Brad Neathery, cofounder & CMO of Oak & Eden Whiskey also had a smooth experience in getting his patent –

“We patented our invention, the Spire, as well as a novel whiskey finishing process that occurs in-bottle. The Spire is a five-inch spiral cut of wood that we use to finish whiskeys right before sending them to market.

It wasn’t a difficult process to patent the Spire as we did not have to fight any competing patents for the design. Outsource the paperwork and processing to an experienced patent attorney to maximize your business’s bandwidth and to have the smoothest overall experience.

While there is a risk for other companies to redesign our invention based on our patent, we bank on our superior customer service and passion for distillation to convince our customers that the original is always the best.”

#5. Not all Patents are Created Equal

Wafik Farag, Ph.D. – Inventor of the Dynamic Information Paradigm – DiBase™ shares –

“Initially, I thought all patents capture a novelty.  I didn’t realize that the patent office struggles with fundamentally game-changing ideas.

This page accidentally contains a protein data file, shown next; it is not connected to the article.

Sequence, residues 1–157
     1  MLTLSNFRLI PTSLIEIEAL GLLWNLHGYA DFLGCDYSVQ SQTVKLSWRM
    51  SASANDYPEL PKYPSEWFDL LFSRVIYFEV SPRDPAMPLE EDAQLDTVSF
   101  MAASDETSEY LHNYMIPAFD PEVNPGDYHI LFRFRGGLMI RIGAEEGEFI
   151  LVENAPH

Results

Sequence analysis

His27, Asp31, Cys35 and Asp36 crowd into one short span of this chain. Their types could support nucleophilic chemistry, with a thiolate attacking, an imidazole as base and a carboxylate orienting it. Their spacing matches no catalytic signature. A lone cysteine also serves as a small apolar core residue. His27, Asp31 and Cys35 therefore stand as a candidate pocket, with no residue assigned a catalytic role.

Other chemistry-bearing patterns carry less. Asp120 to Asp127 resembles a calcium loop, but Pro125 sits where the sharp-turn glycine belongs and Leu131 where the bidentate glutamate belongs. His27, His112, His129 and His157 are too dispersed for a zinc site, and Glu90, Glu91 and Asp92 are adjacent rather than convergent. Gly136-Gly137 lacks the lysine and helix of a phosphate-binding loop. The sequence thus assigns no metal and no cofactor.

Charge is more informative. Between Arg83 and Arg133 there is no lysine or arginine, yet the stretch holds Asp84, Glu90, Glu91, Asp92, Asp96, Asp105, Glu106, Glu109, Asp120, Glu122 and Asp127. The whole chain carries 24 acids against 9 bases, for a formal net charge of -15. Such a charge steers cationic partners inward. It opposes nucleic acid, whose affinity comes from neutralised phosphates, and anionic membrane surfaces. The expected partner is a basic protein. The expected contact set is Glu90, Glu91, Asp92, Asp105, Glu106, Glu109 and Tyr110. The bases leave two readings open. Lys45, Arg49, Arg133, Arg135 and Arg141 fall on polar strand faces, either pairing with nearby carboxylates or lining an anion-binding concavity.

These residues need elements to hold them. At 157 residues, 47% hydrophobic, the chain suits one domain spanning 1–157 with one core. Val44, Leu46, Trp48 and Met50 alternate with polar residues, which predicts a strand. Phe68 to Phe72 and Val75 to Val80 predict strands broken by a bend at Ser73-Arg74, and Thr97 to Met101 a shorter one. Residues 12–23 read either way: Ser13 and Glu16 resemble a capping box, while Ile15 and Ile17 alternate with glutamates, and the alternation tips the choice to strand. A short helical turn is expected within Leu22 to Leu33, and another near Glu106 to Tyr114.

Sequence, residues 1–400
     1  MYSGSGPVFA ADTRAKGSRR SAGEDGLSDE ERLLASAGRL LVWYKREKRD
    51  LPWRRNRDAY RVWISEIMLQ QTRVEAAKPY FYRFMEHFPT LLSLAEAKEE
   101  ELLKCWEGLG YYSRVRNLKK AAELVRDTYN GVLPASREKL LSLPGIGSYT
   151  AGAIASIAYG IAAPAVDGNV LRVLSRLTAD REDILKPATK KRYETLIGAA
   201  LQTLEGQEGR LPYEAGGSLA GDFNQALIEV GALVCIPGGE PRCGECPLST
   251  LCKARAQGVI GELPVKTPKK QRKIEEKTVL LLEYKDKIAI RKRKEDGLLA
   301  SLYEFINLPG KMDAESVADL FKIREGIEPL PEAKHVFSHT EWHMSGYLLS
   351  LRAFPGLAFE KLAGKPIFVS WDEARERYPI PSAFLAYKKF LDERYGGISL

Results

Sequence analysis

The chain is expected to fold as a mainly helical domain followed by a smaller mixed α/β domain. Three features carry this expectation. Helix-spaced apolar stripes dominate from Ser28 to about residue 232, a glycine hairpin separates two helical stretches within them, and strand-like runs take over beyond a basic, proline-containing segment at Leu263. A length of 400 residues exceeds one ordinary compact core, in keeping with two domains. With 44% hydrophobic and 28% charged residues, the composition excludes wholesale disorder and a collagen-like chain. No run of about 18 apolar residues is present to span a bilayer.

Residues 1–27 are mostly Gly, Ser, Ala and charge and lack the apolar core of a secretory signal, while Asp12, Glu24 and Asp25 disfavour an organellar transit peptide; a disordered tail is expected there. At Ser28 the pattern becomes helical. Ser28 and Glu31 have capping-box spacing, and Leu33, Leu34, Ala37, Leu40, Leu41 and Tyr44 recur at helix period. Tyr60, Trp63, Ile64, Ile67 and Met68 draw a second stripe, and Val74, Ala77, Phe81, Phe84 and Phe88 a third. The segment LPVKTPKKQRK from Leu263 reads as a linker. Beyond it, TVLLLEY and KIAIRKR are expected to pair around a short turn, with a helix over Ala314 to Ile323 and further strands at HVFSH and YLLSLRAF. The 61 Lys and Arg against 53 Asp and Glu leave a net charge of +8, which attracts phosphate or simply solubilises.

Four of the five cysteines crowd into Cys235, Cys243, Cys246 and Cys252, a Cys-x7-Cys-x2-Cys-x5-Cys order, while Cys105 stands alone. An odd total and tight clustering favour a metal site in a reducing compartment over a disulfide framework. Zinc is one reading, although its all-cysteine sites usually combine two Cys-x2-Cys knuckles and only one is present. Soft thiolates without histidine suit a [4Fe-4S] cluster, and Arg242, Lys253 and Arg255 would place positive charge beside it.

If your idea is earth-shattering, the patent journey becomes a nightmare.  My patent took 8 ½ years to issue after many brief responses and several trips to the patent office in DC for face-to-face interactions aided by a DiBase™ live demo.  

Why DiBase™ did not belong to any known category or field.  My patent is different from all information technology (IT) concepts like databases or architecture design, yet it was the closest category to which the patent office felt fitting.  DiBase™ was too novel!  A big mistake is to force the patent office to create a new field – not advisable to pursue.